Macular Degeneration: What is it, and how is it diagnosed?
Macular degeneration, or “age-related macular degeneration” (AMD), is one of the most common causes of vision loss n the United States and other industrialized countries. This disorder, which affects the center of the important film layer at the back of the eye, known as the macula, is a condition that often times has no symptoms early on. However, with time people may experience a worsening of the central vision, which makes daily activities of life such as reading and recognizing faces significantly harder. While AMD is a relatively common and sight-threatening condition, it can be a complicated and even scary topic for those not in the field of ophthalmology, including for patients and their loved ones.
So, what exactly is macular degeneration? As mentioned above, the macula is a critical structure in the eye that provides most of the central field of vision and plays an important role in color vision, contrast sensitivity and fine focus. AMD is a disease that typically occurs in older populations. It is believed that over a lifetime the components of the cells that make up the macula and its underlying support tissue (including the photoreceptor cells and retinal pigment epithelium tissue) undergo stress and damage which impacts their function in helping the center of vision work properly. Macular degeneration is conventionally broken up into two types – dry and wet.
The dry (or “non-exudative” or “nonneovascular”) type is the most common type and makes up about 90% of the disease in the population. Typically, on eye exam, one will find what are called “drusen,” or a cellular waste product underneath the macula. These “drusen” which appear as yellow-ish clumps are often times asymptomatic but can damage the macula over an extended time. In the most severe stage of “dry” AMD, known as “geographic atrophy,” patients will notice a decrease in vision, which can be profound. “Wet” AMD (or “exudative,” or “neovascular” AMD), while much less common than its “dry” counterpart, is responsible for a more rapid progression of advanced decline in vision. What happens in this form of the disease is that abnormal, “leaky” blood vessels start to grow up from underneath the macula and cause visual deterioration when they inevitably leak blood or fluid.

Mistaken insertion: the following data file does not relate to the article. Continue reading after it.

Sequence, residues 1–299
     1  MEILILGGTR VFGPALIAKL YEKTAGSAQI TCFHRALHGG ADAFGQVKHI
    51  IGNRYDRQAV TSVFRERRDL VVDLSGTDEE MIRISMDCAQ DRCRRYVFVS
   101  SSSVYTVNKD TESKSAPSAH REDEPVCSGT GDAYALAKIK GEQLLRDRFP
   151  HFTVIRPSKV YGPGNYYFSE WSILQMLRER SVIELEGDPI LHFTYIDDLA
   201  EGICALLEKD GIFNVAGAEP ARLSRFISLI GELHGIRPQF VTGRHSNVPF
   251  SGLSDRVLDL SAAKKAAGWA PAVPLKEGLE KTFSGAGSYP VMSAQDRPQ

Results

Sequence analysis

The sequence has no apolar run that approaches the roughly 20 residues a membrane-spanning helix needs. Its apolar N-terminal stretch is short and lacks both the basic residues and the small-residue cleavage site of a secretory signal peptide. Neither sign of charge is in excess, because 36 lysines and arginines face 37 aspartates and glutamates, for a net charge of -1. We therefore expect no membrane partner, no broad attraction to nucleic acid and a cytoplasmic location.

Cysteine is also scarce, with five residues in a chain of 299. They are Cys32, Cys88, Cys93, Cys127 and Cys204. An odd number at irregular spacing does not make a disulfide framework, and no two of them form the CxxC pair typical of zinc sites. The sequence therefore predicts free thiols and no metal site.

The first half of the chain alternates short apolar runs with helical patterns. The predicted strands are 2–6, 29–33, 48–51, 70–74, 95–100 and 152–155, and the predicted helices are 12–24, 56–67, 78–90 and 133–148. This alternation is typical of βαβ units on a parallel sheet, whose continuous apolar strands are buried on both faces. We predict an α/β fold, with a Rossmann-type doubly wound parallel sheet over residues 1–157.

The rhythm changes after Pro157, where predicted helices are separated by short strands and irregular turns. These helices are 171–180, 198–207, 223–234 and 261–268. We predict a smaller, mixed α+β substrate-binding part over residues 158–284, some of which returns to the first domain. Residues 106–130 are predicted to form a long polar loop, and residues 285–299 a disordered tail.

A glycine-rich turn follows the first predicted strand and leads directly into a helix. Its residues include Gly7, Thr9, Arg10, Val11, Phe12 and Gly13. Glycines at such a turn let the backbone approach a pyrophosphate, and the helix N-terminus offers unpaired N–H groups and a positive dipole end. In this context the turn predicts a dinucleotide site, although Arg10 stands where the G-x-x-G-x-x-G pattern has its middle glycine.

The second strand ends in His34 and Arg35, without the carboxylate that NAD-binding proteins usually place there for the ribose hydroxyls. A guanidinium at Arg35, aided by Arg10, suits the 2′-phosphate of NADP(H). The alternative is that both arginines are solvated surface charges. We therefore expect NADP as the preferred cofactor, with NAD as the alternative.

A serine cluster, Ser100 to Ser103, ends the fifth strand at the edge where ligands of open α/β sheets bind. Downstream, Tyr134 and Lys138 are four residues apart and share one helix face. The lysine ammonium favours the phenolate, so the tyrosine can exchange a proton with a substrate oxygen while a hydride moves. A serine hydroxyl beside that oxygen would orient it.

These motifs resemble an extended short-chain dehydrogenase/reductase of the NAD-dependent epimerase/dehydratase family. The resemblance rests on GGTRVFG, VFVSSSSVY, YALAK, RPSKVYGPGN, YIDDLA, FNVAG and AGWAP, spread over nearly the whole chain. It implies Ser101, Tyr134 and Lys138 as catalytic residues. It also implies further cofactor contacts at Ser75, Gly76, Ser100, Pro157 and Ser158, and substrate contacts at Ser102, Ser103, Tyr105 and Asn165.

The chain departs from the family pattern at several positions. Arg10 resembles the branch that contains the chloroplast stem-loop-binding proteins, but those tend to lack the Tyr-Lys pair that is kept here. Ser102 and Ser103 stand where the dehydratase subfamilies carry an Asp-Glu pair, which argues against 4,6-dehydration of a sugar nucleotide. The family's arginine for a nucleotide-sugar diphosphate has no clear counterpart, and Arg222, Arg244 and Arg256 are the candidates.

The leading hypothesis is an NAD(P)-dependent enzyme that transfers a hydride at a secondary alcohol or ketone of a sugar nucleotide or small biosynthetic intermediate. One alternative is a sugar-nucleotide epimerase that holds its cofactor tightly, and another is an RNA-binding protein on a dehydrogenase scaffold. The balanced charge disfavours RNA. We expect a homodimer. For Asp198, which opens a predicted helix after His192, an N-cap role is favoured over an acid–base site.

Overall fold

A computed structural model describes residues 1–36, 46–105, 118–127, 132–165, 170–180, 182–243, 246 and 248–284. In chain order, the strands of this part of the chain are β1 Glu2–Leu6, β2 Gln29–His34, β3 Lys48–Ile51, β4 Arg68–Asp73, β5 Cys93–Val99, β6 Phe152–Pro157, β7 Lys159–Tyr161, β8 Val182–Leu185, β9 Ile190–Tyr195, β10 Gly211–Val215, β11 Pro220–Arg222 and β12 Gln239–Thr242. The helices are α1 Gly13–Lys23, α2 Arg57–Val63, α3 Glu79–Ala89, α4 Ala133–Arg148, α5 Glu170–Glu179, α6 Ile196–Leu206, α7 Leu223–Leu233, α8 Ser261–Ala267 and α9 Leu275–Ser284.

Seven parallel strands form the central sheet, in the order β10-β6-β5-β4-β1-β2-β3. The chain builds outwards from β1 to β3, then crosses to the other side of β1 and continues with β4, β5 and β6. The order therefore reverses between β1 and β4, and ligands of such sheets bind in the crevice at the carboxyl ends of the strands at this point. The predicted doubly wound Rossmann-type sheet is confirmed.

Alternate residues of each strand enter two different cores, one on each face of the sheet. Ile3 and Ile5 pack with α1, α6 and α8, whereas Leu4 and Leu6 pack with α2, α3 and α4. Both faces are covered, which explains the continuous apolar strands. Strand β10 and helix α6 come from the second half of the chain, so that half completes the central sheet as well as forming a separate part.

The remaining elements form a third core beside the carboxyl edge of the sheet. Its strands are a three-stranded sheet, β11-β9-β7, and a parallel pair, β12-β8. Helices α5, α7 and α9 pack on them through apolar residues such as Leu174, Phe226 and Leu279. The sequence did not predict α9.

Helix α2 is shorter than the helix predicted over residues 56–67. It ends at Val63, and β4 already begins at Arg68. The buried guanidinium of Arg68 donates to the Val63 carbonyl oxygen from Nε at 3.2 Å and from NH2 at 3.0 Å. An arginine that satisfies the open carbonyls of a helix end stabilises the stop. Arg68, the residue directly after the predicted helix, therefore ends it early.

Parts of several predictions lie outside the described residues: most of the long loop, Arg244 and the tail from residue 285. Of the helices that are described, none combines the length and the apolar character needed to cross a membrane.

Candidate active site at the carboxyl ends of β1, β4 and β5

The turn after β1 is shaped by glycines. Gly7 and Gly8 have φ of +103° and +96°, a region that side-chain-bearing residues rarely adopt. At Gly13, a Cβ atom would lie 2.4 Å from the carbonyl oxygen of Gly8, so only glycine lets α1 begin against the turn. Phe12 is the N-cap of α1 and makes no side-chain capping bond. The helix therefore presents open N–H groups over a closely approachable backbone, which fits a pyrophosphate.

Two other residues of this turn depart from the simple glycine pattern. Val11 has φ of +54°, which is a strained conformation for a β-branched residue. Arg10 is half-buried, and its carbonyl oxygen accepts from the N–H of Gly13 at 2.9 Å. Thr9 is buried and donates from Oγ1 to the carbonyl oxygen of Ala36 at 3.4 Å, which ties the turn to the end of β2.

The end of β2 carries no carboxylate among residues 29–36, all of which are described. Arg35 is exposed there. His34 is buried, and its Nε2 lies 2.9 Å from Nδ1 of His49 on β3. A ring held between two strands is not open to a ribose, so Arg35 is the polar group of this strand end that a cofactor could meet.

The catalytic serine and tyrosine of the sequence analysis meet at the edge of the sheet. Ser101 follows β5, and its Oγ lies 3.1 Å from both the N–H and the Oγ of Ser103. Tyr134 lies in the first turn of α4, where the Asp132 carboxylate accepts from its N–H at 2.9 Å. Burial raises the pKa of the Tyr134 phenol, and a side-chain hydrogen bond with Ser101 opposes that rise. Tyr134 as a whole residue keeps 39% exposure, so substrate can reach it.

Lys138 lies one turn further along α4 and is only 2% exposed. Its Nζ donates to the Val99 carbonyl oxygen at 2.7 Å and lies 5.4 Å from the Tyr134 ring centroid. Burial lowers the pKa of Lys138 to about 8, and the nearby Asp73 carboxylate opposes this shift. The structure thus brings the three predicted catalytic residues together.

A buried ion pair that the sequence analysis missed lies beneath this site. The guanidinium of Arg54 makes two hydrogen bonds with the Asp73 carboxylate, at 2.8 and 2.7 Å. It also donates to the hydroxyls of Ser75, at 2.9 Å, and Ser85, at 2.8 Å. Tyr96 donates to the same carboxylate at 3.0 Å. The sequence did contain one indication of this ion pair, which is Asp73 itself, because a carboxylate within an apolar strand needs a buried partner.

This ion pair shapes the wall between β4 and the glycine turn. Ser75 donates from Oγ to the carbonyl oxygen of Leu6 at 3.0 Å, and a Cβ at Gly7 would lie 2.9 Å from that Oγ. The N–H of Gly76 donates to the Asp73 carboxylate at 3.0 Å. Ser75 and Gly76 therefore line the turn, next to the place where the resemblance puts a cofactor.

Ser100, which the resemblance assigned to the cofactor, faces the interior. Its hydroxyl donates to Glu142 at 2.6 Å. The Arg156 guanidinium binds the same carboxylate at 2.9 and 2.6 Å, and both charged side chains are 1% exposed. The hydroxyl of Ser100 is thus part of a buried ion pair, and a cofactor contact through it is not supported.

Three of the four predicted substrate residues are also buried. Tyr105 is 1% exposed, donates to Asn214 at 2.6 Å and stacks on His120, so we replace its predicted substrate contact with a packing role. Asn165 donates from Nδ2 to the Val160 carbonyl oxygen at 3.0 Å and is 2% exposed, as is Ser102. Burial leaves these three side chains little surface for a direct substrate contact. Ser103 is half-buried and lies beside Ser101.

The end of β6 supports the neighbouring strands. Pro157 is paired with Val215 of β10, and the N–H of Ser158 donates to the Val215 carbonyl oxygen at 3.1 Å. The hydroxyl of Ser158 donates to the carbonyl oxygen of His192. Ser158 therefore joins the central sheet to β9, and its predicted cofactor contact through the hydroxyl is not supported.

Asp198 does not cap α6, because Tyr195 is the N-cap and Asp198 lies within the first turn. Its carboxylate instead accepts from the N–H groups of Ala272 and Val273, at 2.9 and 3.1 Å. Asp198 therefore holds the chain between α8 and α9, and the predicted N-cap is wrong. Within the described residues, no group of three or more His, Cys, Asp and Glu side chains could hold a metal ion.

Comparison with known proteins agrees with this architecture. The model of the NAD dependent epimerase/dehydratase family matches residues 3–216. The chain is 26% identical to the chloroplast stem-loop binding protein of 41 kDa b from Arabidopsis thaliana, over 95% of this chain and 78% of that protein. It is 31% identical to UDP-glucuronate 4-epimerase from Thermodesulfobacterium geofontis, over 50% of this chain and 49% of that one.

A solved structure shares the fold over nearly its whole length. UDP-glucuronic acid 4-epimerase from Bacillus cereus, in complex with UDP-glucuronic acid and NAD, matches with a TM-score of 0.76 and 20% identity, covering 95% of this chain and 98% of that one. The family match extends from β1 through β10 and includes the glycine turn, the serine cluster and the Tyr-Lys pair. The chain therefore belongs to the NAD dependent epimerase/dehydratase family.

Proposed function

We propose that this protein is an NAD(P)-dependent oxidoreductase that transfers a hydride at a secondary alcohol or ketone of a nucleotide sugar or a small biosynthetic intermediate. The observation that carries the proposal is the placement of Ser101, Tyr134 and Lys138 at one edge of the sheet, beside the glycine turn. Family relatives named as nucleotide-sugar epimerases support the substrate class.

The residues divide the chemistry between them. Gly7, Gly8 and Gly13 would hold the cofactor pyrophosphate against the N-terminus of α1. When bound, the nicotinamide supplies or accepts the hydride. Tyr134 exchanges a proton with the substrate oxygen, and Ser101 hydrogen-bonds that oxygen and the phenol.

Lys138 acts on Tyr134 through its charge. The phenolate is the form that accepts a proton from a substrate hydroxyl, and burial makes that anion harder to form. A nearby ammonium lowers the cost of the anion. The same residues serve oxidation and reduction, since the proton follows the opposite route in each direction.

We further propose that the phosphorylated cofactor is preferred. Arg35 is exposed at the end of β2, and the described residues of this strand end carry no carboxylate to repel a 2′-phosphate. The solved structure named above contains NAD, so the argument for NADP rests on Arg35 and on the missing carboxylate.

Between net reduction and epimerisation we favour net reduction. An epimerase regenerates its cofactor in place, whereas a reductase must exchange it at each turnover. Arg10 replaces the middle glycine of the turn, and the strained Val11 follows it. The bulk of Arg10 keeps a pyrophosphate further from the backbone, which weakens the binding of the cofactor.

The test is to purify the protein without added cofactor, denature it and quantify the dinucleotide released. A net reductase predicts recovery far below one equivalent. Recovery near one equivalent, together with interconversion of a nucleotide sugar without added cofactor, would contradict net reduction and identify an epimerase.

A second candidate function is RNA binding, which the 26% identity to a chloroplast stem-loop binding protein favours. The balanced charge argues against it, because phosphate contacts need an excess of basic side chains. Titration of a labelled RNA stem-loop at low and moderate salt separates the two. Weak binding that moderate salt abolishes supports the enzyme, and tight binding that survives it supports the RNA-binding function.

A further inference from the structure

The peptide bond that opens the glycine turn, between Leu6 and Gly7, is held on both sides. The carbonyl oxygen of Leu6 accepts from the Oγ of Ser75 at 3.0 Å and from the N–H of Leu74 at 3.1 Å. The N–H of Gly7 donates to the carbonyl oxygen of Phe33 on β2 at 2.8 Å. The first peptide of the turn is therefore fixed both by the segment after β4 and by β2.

While there is not a definite or exact cause of the disease, and research is still ongoing, it is accepted that age is the most important “risk” factor for macular degeneration. Patient population studies report that while approximately less than 2% of people under age 70 are diagnosed with AMD, the prevalence of the disease increases to as much as 12% in patients over 80 years old. Caucasian patients are more likely to be affected by AMD than patients of other races. Another important factor is family history, with the risk of AMD up to three times as high in those with a first-degree relative who is affected. Additional risk factors which are important, in that they can be modified and help reduce the risk of disease, are smoking and, to a lesser extent, poor diet.
The diagnosis is generally made on a dilated eye exam with your eye-care provider. Patients, however, can help aid in the diagnosis or monitoring of disease by using an “Amsler grid,” which looks like a square grid or checkerboard, at home. Patients will look at this grid a couple of times a week, one eye at a time, and look to see if the lines appear straight. If they appear wavy, or there is a blank spot in the visual field, please notify your provider, as this can be a sign of worsening AMD.
Unfortunately, there is no definite cure at this time for visual loss that has already occurred. In patients with the earlier stages of “dry” AMD, antioxidant vitamins and minerals can be helpful in slowing progression of the disease. In patients with “wet” AMD, there are medications known as “anti-VEGF medications,” which are injected directly into the eye, which can help stop the formation of the previously mentioned leaky blood vessels and slow the worsening of vision. At the end of the day, the overall health benefits of eating healthy, exercise and quitting smoking cannot be understated.
Age-related macular degeneration can notably impact the quality of life of its patients and their loved ones. For that reason, it is important to spread awareness and education of this condition, especially as people are living longer and the number of those affected is expected to rise.
Bilal Shaukat, MD, is a third-year ophthalmology resident at LSU Health Shreveport.
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